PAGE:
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Calif. struggles to desegregate prison inmates

The court-mandated process of desegregating California's prisons is behind schedule, as officials struggle with the fact that gangs of different races generally don't mix. And when they do, trouble typically follows.
California Prisons Race
Inmates Tim Heffernan, left, and Daniel Mabson, talk while sitting on their adjacent bunks at the Sierra Conservation Center in Jamestown, Calif. Rich Pedroncelli / AP
/ Source: The Associated Press

The riot that ravaged a Southern California prison and injured 175 inmates began with a fight between black and Hispanic gang members, a stark reminder of the difficulty of race relations behind bars and the challenges of desegregating inmates.

In America's largest state prison system, black, Hispanic, Asian and white gangs generally don't mix. When they do, trouble typically follows.

"It isn't that everybody in the inmate population is against integration — they like their teeth," said David Miles, a 46-year-old black inmate at another prison, Sierra Conservation Center.

Mindful of that, California has for decades segregated inmates by race in their cells and sleeping areas. In general, whole cell blocks and open dormitories are mixed race.

But four years ago, the U.S. Supreme Court found the practice discriminatory, citing Brown v. Board of Education. The court said it reinforced a cycle of racial hatred and violence and ordered the state to desegregate its prisons.

At the California Institution for Men in Chino, segregation is still in place. The weekend riot started in a dormitory-style housing wing where many races are in a large room, but the sleeping arrangements are segregated. The exact cause of the riot remains under investigation.

All the state prisons were supposed to be integrated by the end of last year, but the process is far behind schedule.

Budget cuts
Last fall, the California Department of Corrections and Rehabilitation began desegregating two prisons in the Sierra foothills, southeast of the state capital. They are not yet fully integrated, and officials haven't started on any other prisons.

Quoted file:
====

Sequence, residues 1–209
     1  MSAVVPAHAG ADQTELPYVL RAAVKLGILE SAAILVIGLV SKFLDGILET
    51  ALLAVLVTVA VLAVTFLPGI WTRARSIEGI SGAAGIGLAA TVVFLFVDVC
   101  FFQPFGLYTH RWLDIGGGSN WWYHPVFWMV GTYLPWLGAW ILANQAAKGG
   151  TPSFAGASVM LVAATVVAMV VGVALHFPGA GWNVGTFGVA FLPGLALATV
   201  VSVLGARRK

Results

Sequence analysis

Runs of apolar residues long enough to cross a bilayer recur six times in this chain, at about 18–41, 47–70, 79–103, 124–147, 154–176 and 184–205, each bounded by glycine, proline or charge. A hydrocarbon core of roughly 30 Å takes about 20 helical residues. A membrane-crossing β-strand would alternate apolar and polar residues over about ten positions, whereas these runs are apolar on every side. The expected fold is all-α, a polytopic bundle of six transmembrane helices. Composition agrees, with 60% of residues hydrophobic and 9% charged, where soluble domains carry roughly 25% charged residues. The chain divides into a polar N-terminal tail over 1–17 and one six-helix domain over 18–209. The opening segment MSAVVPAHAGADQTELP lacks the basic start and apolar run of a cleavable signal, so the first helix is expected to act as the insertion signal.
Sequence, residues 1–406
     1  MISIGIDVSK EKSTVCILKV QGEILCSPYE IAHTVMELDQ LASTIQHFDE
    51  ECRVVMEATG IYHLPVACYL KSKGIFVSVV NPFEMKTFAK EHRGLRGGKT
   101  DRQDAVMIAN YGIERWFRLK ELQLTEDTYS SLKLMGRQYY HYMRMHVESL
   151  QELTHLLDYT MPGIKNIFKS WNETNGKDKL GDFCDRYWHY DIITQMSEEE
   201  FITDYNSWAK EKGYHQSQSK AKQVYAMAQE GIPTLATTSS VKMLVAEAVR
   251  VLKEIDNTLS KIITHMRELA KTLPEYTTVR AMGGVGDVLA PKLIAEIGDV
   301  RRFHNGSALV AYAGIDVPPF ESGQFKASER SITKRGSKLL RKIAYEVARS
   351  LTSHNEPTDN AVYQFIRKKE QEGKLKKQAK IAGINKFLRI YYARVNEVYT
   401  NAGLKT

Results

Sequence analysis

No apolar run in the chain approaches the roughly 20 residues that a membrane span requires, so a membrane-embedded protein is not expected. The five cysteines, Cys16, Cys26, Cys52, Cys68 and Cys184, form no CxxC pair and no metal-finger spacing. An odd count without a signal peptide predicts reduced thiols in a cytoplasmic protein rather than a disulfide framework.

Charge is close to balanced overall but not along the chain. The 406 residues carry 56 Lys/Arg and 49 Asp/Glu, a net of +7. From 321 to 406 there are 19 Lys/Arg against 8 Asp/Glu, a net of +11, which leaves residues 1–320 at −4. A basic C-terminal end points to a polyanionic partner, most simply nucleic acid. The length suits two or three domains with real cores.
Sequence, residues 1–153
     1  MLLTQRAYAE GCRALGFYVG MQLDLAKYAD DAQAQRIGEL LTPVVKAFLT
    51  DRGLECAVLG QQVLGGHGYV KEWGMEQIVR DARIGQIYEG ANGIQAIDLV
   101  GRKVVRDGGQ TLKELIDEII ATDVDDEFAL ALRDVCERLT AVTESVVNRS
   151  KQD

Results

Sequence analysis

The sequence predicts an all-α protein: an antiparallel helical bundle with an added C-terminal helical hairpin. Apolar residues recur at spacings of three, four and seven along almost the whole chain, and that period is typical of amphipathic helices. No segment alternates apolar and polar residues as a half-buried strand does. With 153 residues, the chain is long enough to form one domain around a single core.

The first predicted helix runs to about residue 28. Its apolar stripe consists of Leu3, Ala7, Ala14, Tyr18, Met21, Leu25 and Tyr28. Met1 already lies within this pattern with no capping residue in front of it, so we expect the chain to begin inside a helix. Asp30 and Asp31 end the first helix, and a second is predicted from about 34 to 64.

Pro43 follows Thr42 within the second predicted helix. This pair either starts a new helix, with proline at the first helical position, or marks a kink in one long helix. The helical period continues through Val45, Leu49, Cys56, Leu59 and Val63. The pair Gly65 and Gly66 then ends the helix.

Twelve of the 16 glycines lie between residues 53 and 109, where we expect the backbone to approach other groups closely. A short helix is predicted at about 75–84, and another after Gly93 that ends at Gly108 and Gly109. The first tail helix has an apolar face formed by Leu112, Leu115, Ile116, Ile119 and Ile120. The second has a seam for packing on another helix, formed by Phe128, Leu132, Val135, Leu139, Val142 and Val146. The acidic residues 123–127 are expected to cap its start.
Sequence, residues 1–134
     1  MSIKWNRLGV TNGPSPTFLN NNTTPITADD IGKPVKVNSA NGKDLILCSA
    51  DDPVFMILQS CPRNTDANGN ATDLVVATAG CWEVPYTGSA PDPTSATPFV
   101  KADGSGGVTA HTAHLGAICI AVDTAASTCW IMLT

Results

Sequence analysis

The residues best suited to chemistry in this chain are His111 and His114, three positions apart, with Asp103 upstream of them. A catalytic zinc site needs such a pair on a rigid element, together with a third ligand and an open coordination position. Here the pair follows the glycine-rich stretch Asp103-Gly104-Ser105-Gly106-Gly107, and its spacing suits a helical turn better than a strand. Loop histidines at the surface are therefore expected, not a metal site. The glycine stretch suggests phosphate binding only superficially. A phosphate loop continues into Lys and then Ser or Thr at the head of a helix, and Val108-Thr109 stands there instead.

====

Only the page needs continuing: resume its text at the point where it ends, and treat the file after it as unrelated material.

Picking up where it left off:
The delay is due in part to state budget cuts that have reduced prison staff, corrections department spokesman Seth Unger said. The system has 1,000 vacancies and is to be reduced by 5,000 positions over two years.

The beginning of a desegregation effort also has hit a number of obstacles, many of them coming from the inmates themselves.

Powerful race-based gangs oppose integration and have threatened inmates who participate. That leads wardens, guards and inmates to predict it will take years to fully integrate the state's 33 prisons, which hold 150,000 inmates.

"If I hung out with this black man on the street, that's cool. But in here, the rules are different," Tim Heffernan, a heavily tattooed 41-year-old white inmate at Sierra Conservation Center.

He and Daniel Mabson, a 25-year-old black inmate, sat across from each other on bunk beds as they spoke to a reporter about prison race relations and the halting desegregation efforts.

"How can we comply if it puts our lives in danger?" Mabson said.

California's inmates are racially diverse: 26 percent white, 29 percent black, 39 percent Hispanic and 6 percent of other races.

Under the new policy, inmates are assigned housing based on their compatibility with members of another race, their age, the type of crime they committed and their physical characteristics. They are given a "racial eligibility code" showing their ability to be housed with others.